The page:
Ottmar Liebert (born February 1, 1959) is a German-born popular entertainer and guitarist best known for his Spanish-influenced music. A five-time Grammy Award nominee, Liebert has received 38 Gold and Platinum certifications in the United States, as well as certifications in Canada, Australia, and New Zealand. His debut album Nouveau Flamenco (1990) sold double-platinum in the United States.
1 Early life,
2 Music career,
4 Personal life,
6 Other Compilation Appearances,
7 See also,
9 External links,
Ottmar Liebert was born February 1, 1959 in Cologne, Germany to a Chinese-German father and a Hungarian mother. As a child, he spent most of his time traveling throughout Europe and Asia with his family. He began playing classical guitar at 11, and flamenco guitar at 14, after he "found a Flamenco LP in the bargain bin at a local supermarket". After performing rock music in his native Germany, he moved to the United States and settled in Boston for a few years, performing in various rock clubs. In 1986 Liebert settled in Santa Fe, New Mexico, where he began looking to create a new musical sound.
Liebert cites musical influences such as "Carlos Santana, Paco de Lucía, John McLaughlin, Robert Fripp, and Jeff Beck, others were horn players like Miles Davis", although he cites "others yet were fine artists who taught me about space and brush strokes and dynamics and contrast".
In 1989 Liebert founded the first incarnation of his band Luna Negra (black moon). That year he recorded a self-produced album titled Marita: Shadows and Storms. The initial thousand copies were sold in the gallery of Santa Fe artist Frank Howell. When the record found its way to radio stations and began generating a response among listeners, Higher Octave Music picked it up and released a remastered version titled Nouveau Flamenco (1990). The album eventually sold double-platinum in the United States.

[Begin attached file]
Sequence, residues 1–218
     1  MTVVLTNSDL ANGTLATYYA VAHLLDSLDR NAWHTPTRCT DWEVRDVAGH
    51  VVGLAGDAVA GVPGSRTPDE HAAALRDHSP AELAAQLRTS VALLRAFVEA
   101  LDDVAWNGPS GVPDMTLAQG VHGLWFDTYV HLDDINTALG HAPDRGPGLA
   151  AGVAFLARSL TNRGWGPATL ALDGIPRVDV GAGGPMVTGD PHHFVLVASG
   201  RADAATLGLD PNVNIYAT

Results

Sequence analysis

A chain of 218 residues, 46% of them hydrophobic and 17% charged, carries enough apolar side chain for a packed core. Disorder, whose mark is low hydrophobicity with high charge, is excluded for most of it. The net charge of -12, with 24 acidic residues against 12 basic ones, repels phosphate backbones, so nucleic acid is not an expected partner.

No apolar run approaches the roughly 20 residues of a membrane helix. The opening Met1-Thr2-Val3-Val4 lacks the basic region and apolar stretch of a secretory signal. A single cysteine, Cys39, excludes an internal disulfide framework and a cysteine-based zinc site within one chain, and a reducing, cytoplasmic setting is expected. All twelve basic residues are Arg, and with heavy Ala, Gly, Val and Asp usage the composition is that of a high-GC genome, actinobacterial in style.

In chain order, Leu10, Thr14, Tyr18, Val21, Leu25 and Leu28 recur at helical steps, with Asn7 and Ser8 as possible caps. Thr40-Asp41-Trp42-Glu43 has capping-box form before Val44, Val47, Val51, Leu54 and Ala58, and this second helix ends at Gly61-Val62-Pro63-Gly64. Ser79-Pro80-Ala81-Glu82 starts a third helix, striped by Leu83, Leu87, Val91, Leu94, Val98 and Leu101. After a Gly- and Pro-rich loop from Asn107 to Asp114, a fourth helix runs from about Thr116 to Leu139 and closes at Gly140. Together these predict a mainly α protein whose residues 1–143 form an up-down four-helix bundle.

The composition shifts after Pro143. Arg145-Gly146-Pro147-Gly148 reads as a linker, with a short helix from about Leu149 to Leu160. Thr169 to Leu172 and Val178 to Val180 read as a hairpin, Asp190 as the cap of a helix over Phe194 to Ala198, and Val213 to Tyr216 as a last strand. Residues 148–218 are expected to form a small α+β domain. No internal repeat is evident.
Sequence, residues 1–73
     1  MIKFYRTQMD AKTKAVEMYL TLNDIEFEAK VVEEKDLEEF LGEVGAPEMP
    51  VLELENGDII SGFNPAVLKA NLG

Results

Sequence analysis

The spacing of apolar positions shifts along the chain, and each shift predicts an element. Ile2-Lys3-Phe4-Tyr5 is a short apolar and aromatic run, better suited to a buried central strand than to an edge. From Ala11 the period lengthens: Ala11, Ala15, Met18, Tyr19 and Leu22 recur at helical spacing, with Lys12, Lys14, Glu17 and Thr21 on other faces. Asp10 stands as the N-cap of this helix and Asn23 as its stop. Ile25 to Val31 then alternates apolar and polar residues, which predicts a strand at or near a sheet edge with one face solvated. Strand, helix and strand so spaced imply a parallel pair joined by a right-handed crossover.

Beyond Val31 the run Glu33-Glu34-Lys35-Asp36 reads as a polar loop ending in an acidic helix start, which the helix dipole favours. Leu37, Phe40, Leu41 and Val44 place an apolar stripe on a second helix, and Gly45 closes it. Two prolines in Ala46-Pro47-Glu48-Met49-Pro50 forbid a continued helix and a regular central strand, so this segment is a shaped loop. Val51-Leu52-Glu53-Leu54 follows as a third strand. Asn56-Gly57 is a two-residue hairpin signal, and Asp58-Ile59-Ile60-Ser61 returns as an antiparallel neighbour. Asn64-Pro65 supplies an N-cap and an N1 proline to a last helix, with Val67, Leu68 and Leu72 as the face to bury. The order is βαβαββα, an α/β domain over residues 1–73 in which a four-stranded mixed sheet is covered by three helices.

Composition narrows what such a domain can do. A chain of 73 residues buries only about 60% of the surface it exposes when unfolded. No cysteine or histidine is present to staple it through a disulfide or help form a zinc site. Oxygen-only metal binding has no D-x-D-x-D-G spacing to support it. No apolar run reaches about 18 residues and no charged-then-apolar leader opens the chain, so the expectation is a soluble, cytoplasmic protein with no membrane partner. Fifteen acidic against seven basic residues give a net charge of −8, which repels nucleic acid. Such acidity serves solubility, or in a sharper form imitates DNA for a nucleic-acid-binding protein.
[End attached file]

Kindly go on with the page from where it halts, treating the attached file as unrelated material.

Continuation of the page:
Liebert followed up his debut with several successful albums that continued and expanded his sound, including Borrasca (1991), Solo Para Ti (1992), and The Hours Between Night + Day (1993), all three earning Gold certification. Liebert's international success continued with ¡Viva! (1995) and Opium (1996), both of which earned Platinum status in the United States and Latin America.
Liebert has recorded with Luna Negra since 1989. Personnel in the band have changed regularly since then, with the only constant being bassist Jon Gagan.
Since 1990 Ottmar Liebert has released a total of 25 albums including live releases, Christmas CDs, 15 CDs of original music, a DVD, and various remixes. He has received 38 Gold and Platinum certifications in the USA as well as certifications in Canada, Australia, and New Zealand.
Although Liebert's brand of music cannot be called Flamenco in a musicological sense (it follows neither the song forms, "compas" or techniques), he courted controversy early in his career by labeling his music as "New Flamenco." While this may have been beneficial in marketing terms, it has drawn scorn from the cultural world of Flamenco, both traditional and contemporary. Paco de Lucia is generally held to be the greatest living Flamenco guitarist, and a rare example of a Flamenco artist who is acknowledged both as the instigator of new Flamenco and traditional Flamenco's preeminent practitioner. Yet despite Liebert citing Paco as an influence, Paco himself was moved to describe Liebert's music as "una degeneración, una caricatura del flamenco" (literally, "a degeneration, a caricature").
Since 1986 Liebert has lived in Santa Fe, New Mexico. In 1992 he purchased a mountaintop ranch overlooking the city, with an adobe guesthouse he built as a recording studio. In May 2006 Liebert was ordained as a Zen monk by Dennis Genpo Merzel at the Kanzeon Zen Center in Salt Lake City, Utah.